Melvin Van Peebles and other highlights of the New York Film Festival

The New York Film Festival opens this weekend under the shadow of mourning, due to the death on Tuesday of filmmaker Melvin Van Peebles, whose third feature film, “Sweet Sweetback song Baadasssss, will play in the Revivals section of the festival, in a new restoration. His first feature film, from 1967, “The Story of a Three-Day Pass,” filmed in France, presents a scathing vision of the experiences of a black American soldier, with a freely imaginative aesthetic that reveals internal conflicts. of this character. In “Sweet Sweetback’s Baadasssss Song”, 1971, shot in Los Angeles and other places in California, Van Peebles – working as a freelance filmmaker, writing and directing and even starring in the film (he even funded and retained ownership) – deploys a similar stylistic daring, and for even more daring political ends. It’s the story of a sort of apolitical artist – a black sex worker and freelance stallion, a performer in an erotic show – who, after suffering police brutality, becomes an accidental revolutionary. Van Peebles’ vision of the devastating police violence that black Americans endure at home (indeed, even literally inside their homes), and the resulting distortions of their ordinary lives into extraordinary heroism of resistance (or simply survival) – has an eruptive emergency. Through fragmentation, distortion, and a sense of frantic haste, Van Peebles fuses his sense of righteous anger at witnessing such realities, his painful aversion to filming such unbearable truths, and his relentless sense of purpose in throwing nonetheless them on the screen.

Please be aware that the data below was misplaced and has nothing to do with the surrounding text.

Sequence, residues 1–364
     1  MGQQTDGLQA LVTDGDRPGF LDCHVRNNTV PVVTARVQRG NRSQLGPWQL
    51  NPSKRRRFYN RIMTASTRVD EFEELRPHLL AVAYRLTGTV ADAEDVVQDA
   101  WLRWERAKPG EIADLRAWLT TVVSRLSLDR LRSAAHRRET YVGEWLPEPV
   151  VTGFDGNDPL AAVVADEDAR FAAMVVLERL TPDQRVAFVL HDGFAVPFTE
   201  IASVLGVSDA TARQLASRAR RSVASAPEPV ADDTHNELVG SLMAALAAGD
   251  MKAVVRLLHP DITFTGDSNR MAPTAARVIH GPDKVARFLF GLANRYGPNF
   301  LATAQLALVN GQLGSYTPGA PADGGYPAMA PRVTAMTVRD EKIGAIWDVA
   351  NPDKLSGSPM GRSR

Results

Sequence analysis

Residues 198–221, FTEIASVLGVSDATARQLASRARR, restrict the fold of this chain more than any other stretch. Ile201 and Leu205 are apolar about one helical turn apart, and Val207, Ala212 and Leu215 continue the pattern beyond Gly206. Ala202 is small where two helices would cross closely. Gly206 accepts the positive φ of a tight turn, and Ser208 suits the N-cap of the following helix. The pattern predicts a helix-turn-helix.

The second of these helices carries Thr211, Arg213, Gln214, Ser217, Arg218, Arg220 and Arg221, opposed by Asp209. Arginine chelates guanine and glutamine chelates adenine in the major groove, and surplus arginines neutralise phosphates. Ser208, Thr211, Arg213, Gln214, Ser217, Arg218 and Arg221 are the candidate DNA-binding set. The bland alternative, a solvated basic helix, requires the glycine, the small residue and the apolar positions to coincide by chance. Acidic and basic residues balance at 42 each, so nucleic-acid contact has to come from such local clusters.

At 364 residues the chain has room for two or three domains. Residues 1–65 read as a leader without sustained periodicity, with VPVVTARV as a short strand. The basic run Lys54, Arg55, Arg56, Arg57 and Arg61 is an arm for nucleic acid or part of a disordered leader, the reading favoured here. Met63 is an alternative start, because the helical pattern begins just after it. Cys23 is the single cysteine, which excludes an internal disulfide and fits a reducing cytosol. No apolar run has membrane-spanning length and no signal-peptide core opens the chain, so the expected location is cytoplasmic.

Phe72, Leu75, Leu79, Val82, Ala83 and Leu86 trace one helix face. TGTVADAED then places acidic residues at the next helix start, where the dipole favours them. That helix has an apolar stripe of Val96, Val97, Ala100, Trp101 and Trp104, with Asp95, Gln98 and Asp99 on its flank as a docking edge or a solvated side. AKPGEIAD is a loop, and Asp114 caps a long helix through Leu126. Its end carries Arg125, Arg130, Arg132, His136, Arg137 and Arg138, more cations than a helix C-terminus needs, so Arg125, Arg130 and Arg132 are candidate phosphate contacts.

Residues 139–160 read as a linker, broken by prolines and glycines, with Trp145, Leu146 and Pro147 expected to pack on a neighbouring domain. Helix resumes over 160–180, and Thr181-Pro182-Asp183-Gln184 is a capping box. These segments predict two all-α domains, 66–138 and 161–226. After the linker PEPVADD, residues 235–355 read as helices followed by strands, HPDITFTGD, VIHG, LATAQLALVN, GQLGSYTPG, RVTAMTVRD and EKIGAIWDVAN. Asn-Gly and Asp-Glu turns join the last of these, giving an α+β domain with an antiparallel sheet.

“Sweet Sweetback” from 1971 made Van Peebles a hero of the cinema and a hero of the time in general.Photograph by Michael Ochs Archives / Getty